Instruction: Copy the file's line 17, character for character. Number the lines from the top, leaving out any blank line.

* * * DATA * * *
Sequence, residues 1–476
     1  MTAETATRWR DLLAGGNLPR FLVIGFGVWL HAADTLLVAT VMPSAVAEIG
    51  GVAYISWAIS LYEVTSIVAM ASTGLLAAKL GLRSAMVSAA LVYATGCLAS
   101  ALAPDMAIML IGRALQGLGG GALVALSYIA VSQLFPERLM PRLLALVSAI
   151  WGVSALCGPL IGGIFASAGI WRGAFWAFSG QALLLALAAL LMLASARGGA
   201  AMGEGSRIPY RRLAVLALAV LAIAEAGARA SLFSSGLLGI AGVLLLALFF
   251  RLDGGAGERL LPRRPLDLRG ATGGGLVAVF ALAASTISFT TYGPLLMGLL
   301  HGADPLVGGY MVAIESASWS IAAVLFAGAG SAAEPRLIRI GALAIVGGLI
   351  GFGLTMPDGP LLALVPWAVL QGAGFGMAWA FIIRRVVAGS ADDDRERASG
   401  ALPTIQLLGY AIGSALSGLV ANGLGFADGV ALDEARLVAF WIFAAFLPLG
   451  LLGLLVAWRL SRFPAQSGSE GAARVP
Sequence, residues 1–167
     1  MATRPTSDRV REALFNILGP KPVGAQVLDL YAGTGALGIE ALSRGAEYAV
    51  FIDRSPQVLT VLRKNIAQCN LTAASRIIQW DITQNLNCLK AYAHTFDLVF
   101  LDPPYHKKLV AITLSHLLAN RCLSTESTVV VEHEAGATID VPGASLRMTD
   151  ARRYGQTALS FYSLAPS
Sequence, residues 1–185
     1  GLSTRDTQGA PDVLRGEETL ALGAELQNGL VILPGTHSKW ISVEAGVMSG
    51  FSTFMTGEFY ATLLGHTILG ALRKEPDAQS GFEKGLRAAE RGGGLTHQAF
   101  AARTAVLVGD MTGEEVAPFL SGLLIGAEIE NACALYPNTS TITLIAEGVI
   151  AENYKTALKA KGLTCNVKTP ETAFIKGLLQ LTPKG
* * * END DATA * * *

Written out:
Sequence, residues 1–185